With a recent report from Henley Business School highlighting that a shorter working week could add to businesses’ bottom lines through increased staff productivity and uplift in staff physical and mental health, a new study from ADP® has further emphasised these findings.
ADP’s research reveals almost two-thirds of UK workers (61%) would opt for a four-day working week if they had the choice. However, respondents are split in terms of how this would impact their overall hours and pay, with almost half (45%) saying they would prefer to work four longer days to earn the same salary and 16% preferring standard hours at reduced pay overall. The remaining 39% would opt to continue to work regular hours.
In addition, the Henley report revealed that almost two thirds (63%) of employers said that providing a four-day working week has helped them to attract and retain talent. This, coupled with ADP’s findings, illustrates the growing demand for organisations to seriously consider a transition to a four day working week in order to increase productivity and remain competitive in the skills-shortage climate.
ADP’s research found that the four-day week is most popular amongst those aged 25-44, with two-thirds of this age bracket (66%), saying they would opt for this way of working – perhaps due to the challenge of balancing work with family and other responsibilities. The majority of this group would want to maintain their pay levels in exchange for working longer days (46%).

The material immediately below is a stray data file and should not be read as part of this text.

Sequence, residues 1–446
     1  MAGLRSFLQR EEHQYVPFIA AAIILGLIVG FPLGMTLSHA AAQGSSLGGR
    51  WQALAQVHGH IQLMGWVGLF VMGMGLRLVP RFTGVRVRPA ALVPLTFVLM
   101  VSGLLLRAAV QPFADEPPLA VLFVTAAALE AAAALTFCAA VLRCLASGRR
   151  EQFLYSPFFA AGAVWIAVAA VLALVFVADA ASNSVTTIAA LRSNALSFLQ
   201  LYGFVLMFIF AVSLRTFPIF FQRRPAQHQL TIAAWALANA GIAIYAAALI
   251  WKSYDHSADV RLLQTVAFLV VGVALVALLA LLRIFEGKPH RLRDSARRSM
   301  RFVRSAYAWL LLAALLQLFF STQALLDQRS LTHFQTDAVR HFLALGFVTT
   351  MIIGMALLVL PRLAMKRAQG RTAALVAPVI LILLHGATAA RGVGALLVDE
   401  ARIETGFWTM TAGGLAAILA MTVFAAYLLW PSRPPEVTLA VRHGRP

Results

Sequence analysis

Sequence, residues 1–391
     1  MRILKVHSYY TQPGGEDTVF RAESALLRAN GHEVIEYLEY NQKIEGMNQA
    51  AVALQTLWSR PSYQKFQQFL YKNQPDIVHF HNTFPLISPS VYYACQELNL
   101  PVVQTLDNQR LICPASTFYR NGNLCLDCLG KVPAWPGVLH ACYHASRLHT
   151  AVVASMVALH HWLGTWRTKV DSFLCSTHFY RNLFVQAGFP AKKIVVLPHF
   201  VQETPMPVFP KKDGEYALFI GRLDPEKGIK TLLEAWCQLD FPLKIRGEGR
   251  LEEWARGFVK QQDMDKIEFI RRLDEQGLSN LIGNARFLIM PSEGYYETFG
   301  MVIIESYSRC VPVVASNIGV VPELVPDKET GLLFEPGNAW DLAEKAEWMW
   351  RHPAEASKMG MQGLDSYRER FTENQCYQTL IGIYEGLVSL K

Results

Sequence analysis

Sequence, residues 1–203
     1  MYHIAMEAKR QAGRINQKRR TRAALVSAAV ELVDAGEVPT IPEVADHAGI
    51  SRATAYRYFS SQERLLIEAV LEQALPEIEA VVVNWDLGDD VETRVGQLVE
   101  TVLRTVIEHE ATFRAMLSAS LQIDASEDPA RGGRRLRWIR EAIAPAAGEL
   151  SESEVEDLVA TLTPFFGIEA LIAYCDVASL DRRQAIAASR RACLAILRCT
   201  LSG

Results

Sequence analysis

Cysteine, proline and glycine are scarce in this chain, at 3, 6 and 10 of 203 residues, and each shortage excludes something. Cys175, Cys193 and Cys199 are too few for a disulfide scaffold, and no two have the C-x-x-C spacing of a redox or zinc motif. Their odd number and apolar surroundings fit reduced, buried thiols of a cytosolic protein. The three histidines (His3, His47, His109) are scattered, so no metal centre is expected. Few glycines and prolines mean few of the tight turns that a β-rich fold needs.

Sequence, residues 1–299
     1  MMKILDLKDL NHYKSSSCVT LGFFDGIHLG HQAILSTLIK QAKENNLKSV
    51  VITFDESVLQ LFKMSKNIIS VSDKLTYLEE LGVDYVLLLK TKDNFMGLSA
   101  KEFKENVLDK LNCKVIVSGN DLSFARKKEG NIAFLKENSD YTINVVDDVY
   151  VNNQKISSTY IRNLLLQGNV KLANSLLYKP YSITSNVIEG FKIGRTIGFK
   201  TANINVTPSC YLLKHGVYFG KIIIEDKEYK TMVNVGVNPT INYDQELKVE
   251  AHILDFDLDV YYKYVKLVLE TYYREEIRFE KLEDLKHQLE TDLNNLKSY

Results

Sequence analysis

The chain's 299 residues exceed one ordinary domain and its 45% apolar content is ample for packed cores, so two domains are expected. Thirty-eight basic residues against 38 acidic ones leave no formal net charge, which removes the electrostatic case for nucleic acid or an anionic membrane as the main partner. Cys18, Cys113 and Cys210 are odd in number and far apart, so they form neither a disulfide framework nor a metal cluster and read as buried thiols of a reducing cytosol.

ADP’s report surveyed over 10,000 European employees and found that the four-day working week is most popular amongst employees in Spain (63%) with the UK (61%) following closely behind. It also proved popular in the Netherlands (61%) and France (60%), whereas only 38% of Polish workers are tempted by the idea. Those in the UK are most likely to opt for a four-day week at reduced pay (16%), twice as many as in Poland (8%).
Jeff Phipps, Managing Director at ADP UK, commented:
“With productivity, work-life balance and workplace diversity remaining high on the list of business-critical issues throughout Europe, a shorter week could be the solution. Studies have shown that, in many cases, employees can achieve just as much and enjoy a better work-life balance by working this way, so it’s a win-win for staff and employers. There are also signs that a four-day week could help to improve gender diversity in the workplace, by making it easier for couples to manage family responsibilities and enabling more women to take full advantage of professional opportunities. This allows everyone to pursue the full range of their passions at work, while bringing greater diversity to the office and allowing employees to enjoy a fulfilling home life.”
“However a cautious approach is advised as, in my own anecdotal experience, working mums have often asked, “How will that help me pick up my kids from school?” We have to listen to and understand our employee needs, then leverage appropriate solutions to give people the balance and flexibility they seek within the specific business context. Silver bullets may make for good political headlines but their practical implementation can fail to deliver the intended benefits.”